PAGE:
Wooow! I feel good… Though I won’t go so far as to say I knew that I would now…
I woke up this morning feeling a little rough. A little bit sore, a little bit stiff… Feeling a little bit old. Once I got moving though, it was all good. This has more to do with a shortage of sleep than of actually being or feeling “old”.
I can remember, not entirely too long ago, believing that 40 was a big mark representing a shift in how long it took for me to recover from a workout. Back then I was only running (probably with a bit of bad form) and recovery did seem to stretch out a bit. With the addition of cycling to the routine things are much different though.
While there’s no doubt I’m no longer 18, there’s no question that I feel better at 42 than I did at 40 and what I find interesting is exactly what I consider an acceptable amount of pain nowadays. For instance, if I really want to know what pain is, all I have to do is take a week off from cycling. The balance between pain related to exercise and pain related to lethargy has always been a hot topic for me. This is so partially because I used the excuse quite often to justify gaining weight and not doing something about it – and partially because I hear the excuse used now that I do have excellent control over my weight.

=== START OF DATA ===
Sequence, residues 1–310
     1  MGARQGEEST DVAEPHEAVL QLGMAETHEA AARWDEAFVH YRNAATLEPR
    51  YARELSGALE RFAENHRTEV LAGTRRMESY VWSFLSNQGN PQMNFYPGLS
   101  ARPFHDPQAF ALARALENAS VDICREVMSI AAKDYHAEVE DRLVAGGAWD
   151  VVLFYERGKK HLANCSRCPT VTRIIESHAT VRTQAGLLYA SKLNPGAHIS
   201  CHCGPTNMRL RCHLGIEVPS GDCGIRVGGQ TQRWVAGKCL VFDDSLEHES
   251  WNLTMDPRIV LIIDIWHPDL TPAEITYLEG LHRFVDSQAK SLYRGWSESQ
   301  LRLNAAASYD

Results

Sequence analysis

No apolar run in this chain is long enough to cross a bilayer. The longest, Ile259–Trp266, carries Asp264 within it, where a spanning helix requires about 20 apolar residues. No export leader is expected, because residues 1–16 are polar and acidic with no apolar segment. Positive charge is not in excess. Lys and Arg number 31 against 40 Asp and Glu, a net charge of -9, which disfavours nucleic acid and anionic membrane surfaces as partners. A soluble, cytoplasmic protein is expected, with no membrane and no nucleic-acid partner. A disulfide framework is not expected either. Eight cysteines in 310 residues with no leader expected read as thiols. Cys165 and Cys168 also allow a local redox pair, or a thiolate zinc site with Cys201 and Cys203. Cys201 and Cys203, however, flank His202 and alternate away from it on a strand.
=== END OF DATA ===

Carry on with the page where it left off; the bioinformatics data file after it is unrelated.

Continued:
When it comes to cycling, I can ride ten days in a row and feel marvelous, as long as I’m not going all out every day. When I go more than 10 days, up to 14, without a day off, I do tighten up a bit and my legs feel a bit clunky. That said, when I take more than a couple of days off in a row, that’s when I start to feel old. That’s when I feel the aches and pain others have attributed to age. Put simply, I hurt a lot less when I keep moving.
The thing that really saddens me about this reality is that so many people who could otherwise be active and mobile try to use ‘pain’ as their excuse to keep from getting off of the couch when in the vast majority of cases, becoming active would alleviate many of the symptoms that people complain about in the first place. It’s a sad state of affairs for certain and I wish that I had the silver bullet solution.
In the end, all I really can do is try the best I can to lead by example – and know more than most about the research that’s been done on the subject that supports the fact that my experience is the norm, not the exception.